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5. Daughters have more supervisory roles

The Harvard study found that daughters of working mothers were more likely to be successful and had more supervisory roles than those women brought up by stay-at-home moms. Twenty-five per cent of daughters of stay-at-home moms were in supervisory roles compared to 33 per cent of daughters of working mothers. These women were much more confident in holding down dual roles than their colleagues. The reason is that they had an excellent example to follow from an early age.

6. Daughters are earning more

The daughters of working mothers earn up to 23 per cent more (in the USA) than their counterparts and are better placed to gain more senior positions. That makes a difference of $7,000 annually in the USA. The reason is that these women are motivated from an early age to follow their own career choices, just like their own mothers. This is a crucial factor in their success.They were also taught to be independent and autonomous from an early age, as their mothers never had the time to indulge in helicopter parenting.

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Long live women’s right to choose when it comes to working or staying at home. If they choose the former, they should relax and know that that their choice will have a beneficial impact on their sons and daughters. It is high time to change the stereotypes and recognize quality parenting is much more complex than many people imagine.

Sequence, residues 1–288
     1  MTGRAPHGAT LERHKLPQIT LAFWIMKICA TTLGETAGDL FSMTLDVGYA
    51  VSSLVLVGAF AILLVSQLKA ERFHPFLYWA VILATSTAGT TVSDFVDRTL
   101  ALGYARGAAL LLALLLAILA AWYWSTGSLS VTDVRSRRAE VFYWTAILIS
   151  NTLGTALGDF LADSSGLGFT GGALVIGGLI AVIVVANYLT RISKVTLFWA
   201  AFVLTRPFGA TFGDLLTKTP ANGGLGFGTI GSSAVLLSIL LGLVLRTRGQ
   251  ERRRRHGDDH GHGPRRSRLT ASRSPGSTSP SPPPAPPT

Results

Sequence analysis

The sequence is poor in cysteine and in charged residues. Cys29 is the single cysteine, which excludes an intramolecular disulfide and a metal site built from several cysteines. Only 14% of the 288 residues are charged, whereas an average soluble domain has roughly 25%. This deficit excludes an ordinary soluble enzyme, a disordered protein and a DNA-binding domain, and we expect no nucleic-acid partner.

Featured photo credit: Dad helping Ricky while Sara looks on/Joshua Blount via flickr.com

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Robert Locke

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Last Updated on September 20, 2018

7 Powerful Questions To Find Out What You Want To Do With Your Life

7 Powerful Questions To Find Out What You Want To Do With Your Life

What do I want to do with my life? It’s a question all of us think about at one point or another.

For some, the answer comes easily. For others, it takes a lifetime to figure out.

It’s easy to just go through the motions and continue to do what’s comfortable and familiar. But for those of you who seek fulfillment, who want to do more, these questions will help you paint a clearer picture of what you want to do with your life.

1. What are the things I’m most passionate about?

The first step to living a more fulfilling life is to think about the things that you’re passionate about.

What do you love? What fulfills you? What “work” do you do that doesn’t feel like work? Maybe you enjoy writing, maybe you love working with animals or maybe you have a knack for photography.

The point is, figure out what you love doing, then do more of it.

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2. What are my greatest accomplishments in life so far?

Think about your past experiences and the things in your life you’re most proud of.

How did those accomplishments make you feel? Pretty darn good, right? So why not try and emulate those experiences and feelings?